On 20 March the European Commission sent Member States a draft proposal for a State aid Temporary Framework in order to compensate the real economy from losses suffered from the COVID-19 outbreak, on the basis of 107(3)(b) TFEU regarding aid to remedy a serious disturbance across the EU economy. Just like the temporary State aid banking framework that was set up during the 2008 financial crisis, this new framework includes rules and guidance on how crisis aid may be granted swiftly and without substantial difficulties. This Framework is applicable for companies that entered into difficulty after 31 December 2019 .
Under the Framework, the Commission will authorize aid schemes allowing the grant of: (i) lump sums or tax advantages for up to €500,000 per company; (ii) below market rate premiums for State guarantees, and below market interest rates for bank loans; and (iii) below market rate interest rates for loans issued by both public and private financial institutions. In addition, aid to companies – especially to SMEs – may also be channeled through banks and other institutions based on conditions that ensure that the banks do not receive any residual benefits of increasing their customer base or their range of business with a single customer.
Last but not least the Treaty already provides that State aid may be approved for companies that suffered damages due to a serious disturbance of the economy under Article 107(2)(b) TFEU and on 13 March, the Commission announced that it considers the COVID-19 outbreak a serious disturbance qualifying for aid under this provision. Thus, the Commission will authorize State aid for COVID-19 related damages under this provision, especially to airline companies. This applies even if a company has already received State aid in the last ten years – something which is normally not possible under the State aid rules.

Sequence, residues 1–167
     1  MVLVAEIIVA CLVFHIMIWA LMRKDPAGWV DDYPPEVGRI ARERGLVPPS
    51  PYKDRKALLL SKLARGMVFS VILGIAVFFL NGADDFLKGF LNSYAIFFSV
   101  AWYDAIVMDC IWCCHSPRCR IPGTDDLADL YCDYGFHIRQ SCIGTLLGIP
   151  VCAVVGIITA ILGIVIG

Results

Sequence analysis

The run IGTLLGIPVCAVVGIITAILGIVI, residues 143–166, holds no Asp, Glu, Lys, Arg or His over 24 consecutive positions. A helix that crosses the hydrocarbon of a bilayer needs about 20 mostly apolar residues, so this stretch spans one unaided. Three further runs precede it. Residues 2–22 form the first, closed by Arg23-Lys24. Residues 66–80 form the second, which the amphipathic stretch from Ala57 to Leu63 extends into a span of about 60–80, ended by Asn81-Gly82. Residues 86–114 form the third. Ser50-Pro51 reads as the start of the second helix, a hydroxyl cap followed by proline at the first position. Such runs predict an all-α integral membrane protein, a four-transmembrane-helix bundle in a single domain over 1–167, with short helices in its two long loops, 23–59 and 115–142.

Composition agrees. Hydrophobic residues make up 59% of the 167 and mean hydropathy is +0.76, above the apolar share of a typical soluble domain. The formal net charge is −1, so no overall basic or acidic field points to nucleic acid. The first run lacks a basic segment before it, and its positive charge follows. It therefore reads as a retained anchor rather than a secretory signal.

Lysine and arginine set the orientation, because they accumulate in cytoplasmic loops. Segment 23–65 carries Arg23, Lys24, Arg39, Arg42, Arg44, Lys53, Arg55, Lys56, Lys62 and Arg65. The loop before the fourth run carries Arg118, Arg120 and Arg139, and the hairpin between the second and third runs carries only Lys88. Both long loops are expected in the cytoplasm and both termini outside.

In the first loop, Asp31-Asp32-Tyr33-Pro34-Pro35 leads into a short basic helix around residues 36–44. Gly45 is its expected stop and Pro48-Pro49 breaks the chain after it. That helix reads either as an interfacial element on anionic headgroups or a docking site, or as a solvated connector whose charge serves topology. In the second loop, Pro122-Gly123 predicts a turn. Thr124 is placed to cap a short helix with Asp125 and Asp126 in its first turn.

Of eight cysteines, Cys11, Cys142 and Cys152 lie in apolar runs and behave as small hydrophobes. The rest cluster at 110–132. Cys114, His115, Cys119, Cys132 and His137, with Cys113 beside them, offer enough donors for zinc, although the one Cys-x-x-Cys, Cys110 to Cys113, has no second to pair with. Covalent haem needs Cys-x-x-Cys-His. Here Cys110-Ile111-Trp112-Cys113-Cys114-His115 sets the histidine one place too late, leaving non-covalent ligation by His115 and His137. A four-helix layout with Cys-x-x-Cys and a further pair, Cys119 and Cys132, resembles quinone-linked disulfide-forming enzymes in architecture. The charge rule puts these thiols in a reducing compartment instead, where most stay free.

The Commission has even taken the practical step of adopting a communication informing Member States of the kind of information it requires (e.g. description of the measures, damages suffered as a result of COVID-19, and the extent of the requested support, etc.) in order to authorise aid notifications quickly under Article 107(2)(b) TFEU.
This opportunity is very real as is also evidenced by the fact that on 12 March 2020, the Commission already authorised aid to large-scale event companies in Denmark under Article 107(2)(b) TFEU. The authorisation was granted within 24 hours of the receipt of the Danish notification of the scheme.
Finally, it is very likely that the adverse impact of the COVID-19 outbreak on the real economy combined with the dramatic impact the outbreak has had on the stock markets, means that financial institutions will be negatively impacted as well. On 18 March, the European Central Bank announced a €750 billion asset-purchase programme (lasting until the end of 2020), which targets in particular public- and private-sector assets. However, over time this may be insufficient. To this end the European Commission already has in place guidelines allowing Member States to bail out financial institutions (dating back to the 2008 financial crisis), although they may need to be adapted in order to address circumstances unique to the COVID-19 outbreak.
We are available to advise companies on how they may benefit from any type of support in the EU in response to COVID-19. Given that State aid grants may not distort competition unduly, we can also assist companies that are worried about competitors receiving support which does not comply with State aid rules in the context of COVID-19.
Gibson Dunn’s lawyers are available to assist with any questions you may have regarding developments related to the COVID-19 outbreak. For additional information, please contact any member of the firm’s Coronavirus (COVID-19) Response Team.
The following Gibson Dunn lawyers prepared this client update: Lena Sandberg and Yannis Ioannidis. Gibson Dunn lawyers regularly counsel clients on the issues raised by this pandemic, and we are working with many of our clients on their response to COVID-19. Please also feel free to contact the Gibson Dunn lawyer with whom you usually work, the authors, or any member of the firm’s Antitrust and Competition Practice Group: